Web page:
Though he isn’t one to seek the spotlight, Dave’s passion for social justice, his innate sense of responsibility, and his strong opinions on just about everything you can think of always seem to put him there. This explains how he reluctantly became the chair of his Republican Caucus precinct. He showed up and he was willing.

Dave is fiscally conservative, but he’s also a fearless advocate for underrepresented people and points of view — people like refugees, whom he supports through an organization called Helping Hands — points of view like his distaste for avocados and public libraries.

Besides his civic engagement, Dave has also involved himself in scouting, church, and is a frequent blood donor. He loves biking, basketball, and what he calls tinkering around his house and garden. Fortunately, most of these activities are great ways to spend time with his wife of 22 years, Lissa, and their six children.

While Dave is a keen people person, that’s not all that’s in it for him at Typhoon Data. He believes in what he sells.

“Our job is to build profits for our partners and the end users of our data, to make them more informed about their employees, and ultimately to raise the quality of healthcare for everyone.”

Who is Typhoon Data?

Ask anyone on the street, “Who or what is Typhoon Data ” and they’ll most likely give you the same answer. “Some kind of tropical storm, right?” Well they’re not wrong, but not exactly right either. Typhoon Data is “…an organization who aims to help any company who employs  healthcare workers make sure that they are in compliance with state and federal laws of regulation..” -Questin Francis, CEO of Typhoon Data. Basically, we make sure the providers that they hire, are clean and pose little threat to the public.

This might come to a surprise, but some healthcare providers don’t always tell the truth. “You want to know about your health care providers. You want to know about their past and you can’t always trust them to tell the truth, so you need people like us to dig a little deeper and see what is going on.”  -Cassidy Cooper, Customer Experience Manager. You want to know if your doctor has any stipulations or past disciplinary actions taken against them. When these Healthcare providers slip between the cracks and are allowed to continue working, it risks the general public. Now before you run for the hills as society seems to be collapsing around you after this revelation, there’s no need to worry. While these healthcare providers might have actions against them, it’s all recorded somewhere on official databases, emphasis on somewhere. There’s a lot of data, and it’s not easily accessible. That’s where we come in. We have built a system that technology assists hand in hand with human work so that there’s less potential for that human error to occur. With faster turn around and fewer errors, we are able to find these individuals and bring their misconduct to light.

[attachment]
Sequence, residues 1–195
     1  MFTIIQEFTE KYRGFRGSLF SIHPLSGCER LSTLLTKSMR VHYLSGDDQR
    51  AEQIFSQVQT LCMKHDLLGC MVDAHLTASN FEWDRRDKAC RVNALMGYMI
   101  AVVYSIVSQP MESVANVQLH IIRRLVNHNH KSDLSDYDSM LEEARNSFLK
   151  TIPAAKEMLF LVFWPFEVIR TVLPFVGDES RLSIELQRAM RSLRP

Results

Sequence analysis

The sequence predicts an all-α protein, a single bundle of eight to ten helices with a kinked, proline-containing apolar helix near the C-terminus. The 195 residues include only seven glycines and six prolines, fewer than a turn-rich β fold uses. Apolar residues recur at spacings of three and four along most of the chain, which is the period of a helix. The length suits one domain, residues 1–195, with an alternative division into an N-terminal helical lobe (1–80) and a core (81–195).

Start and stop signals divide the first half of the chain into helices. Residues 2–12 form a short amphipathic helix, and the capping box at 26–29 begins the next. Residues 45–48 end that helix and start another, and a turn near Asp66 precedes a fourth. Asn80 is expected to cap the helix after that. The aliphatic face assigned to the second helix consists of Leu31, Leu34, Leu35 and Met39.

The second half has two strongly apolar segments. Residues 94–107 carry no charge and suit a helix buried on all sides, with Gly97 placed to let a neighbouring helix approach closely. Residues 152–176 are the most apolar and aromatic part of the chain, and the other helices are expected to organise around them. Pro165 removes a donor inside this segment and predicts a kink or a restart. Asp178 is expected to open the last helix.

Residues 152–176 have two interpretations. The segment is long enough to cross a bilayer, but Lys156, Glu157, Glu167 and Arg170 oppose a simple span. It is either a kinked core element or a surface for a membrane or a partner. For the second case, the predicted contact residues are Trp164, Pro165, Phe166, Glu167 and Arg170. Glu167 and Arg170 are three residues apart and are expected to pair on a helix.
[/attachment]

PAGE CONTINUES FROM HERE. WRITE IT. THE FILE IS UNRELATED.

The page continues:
While there are other companies like Typhoon Data that do a similar job; we by far outpace the competition. “You go from these other providers who do similar work, their processes are just not as well done, so their turnaround time and their possibility of errors are significantly worse. Instead of turning around a verification that requires humanized quality control in about two to three days, about 8-10 hours business wise, they’re turning around in a couple of weeks. They are slower…there’s just a lot more potential for human error. It also helps that the customer portals that we provide for our larger customers such as Bryce and T-Bone, are more user friendly as well.” -Derek Jackson, Infrastructure Administrator. Basically we process the data faster, which tends to be more accurate as there’s less potential for human error, and the overall experience is more friendly because the interface is more user friendly.

Our future is bright. With more and more clients looking for a trustworthy compliance data provider, and with the unfortunate reality that Healthcare Provider malpractice continues to be rampant, there’s a lot of work to be done. there’s a lot of places that we need to reach, a lot of new ways to solve problems. “…another core part of typhoon data, [is] to not only solve those problems but to solve them in a more efficient, more technologically savvy and integrated way.” Questin Francis, CEO.

So what is Typhoon Data? Some kind of tropical storm, right? 😉

Compliance Best Practices

Monitoring excluded providers on an ongoing basis will alert organizations to potential risk of the Office of Inspector General (“OIG”) enforcement.  Once an excluded provider is identified on the List of Excluded Individuals/Entities (“LEIE”) by the OIG, the healthcare organization can take appropriate steps to mitigate and minimize civil monetary penalties (“CMP”) exposure.

Given the nature of the LEIE information, the following best practices will help organizations verify appropriate, actionable data:

  • The LEIE database is updated on a monthly basis so monitoring should occur at least monthly.
  • Because the OIG Database includes only the name known to OIG at the time the individual was excluded, any former names used by the individual (e.g., maiden name, previous married name, etc.) should be searched in addition to the individual’s current name.